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Preexcited Atrial Fibrillation after a Blood Draw

Preexcited Atrial Fibrillation after a Blood Draw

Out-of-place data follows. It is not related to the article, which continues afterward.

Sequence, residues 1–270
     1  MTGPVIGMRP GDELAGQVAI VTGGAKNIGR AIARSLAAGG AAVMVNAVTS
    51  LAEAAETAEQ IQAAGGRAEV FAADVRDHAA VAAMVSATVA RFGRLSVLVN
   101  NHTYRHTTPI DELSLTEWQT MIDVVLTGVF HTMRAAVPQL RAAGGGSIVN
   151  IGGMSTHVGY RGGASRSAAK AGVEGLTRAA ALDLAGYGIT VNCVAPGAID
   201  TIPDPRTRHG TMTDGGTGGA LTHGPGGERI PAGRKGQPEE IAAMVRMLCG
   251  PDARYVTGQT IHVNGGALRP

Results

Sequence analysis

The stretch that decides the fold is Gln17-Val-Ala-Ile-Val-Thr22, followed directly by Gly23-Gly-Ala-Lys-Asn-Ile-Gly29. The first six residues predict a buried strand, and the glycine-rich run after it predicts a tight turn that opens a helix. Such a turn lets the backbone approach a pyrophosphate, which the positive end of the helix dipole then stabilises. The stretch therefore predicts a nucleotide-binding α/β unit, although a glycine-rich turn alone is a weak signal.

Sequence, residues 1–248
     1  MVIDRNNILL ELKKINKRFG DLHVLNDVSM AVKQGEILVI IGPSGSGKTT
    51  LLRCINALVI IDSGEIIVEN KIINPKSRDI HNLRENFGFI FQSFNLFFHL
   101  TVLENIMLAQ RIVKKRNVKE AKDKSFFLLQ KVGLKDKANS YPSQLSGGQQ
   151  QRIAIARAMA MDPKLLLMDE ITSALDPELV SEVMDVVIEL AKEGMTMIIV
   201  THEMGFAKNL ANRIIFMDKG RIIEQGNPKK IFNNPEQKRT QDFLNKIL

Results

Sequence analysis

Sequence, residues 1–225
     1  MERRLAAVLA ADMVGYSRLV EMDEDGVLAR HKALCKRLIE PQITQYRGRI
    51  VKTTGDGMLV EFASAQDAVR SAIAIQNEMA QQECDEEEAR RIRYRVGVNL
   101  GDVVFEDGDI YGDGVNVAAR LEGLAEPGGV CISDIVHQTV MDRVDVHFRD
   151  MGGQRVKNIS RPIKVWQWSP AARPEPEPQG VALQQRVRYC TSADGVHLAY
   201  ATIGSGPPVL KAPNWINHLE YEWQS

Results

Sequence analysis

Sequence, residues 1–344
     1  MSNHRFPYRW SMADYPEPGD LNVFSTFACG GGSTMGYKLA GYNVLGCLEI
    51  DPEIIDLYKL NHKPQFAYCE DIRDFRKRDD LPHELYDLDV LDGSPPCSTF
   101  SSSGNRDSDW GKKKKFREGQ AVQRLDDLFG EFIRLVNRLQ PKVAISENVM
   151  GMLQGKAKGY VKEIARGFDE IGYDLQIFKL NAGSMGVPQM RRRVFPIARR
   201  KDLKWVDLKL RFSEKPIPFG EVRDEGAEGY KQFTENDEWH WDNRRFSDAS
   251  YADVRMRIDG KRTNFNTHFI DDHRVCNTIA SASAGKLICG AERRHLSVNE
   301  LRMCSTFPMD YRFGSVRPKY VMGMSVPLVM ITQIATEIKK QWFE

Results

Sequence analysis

A 33-year-old man presented to the emergency department with palpitations after syncope occurred while a blood sample was being obtained. He had tachycardia, with a heart rate of 192 beats per minute in an irregularly irregular rhythm. An electrocardiogram (Panel A) showed wide-complex tachycardia with irregular RR intervals, delta waves (arrows), and no P waves, findings suggestive of preexcited atrial fibrillation. After the administration of 1 g of intravenous procainamide, a repeat electrocardiogram (Panel B) showed sinus rhythm with a short PR interval, a wide QRS complex, and delta waves (arrows), findings consistent with the Wolff–Parkinson–White syndrome. The Wolff–Parkinson–White pattern is seen in patients who have an accessory conduction pathway between the atria and the ventricles, in addition to the atrioventricular node. Preexcitation of the ventricular myocardium occurs when the accessory pathway is favored over the atrioventricular node, which can occur with atrial fibrillation or with the use of medications that block atrioventricular nodal conduction. Both scenarios are potentially life-threatening since they can precipitate ventricular fibrillation. In this patient, an electrophysiological study showed a right paraseptal accessory pathway anterior to the coronary-sinus ostium, which was successfully ablated. In the following 18 months, the patient had no further palpitations or identified episodes of preexcited atrial fibrillation.

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